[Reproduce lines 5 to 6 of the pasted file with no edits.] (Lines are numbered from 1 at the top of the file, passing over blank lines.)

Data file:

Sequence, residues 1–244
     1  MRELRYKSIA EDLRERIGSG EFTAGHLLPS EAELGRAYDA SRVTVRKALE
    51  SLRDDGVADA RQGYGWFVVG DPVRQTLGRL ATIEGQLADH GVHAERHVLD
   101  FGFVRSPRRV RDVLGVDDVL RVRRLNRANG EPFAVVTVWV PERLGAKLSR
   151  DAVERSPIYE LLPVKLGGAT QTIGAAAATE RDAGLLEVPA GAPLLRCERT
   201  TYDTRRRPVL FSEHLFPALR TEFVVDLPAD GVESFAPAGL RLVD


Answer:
   151  DAVERSPIYE LLPVKLGGAT QTIGAAAATE RDAGLLEVPA GAPLLRCERT
   201  TYDTRRRPVL FSEHLFPALR TEFVVDLPAD GVESFAPAGL RLVD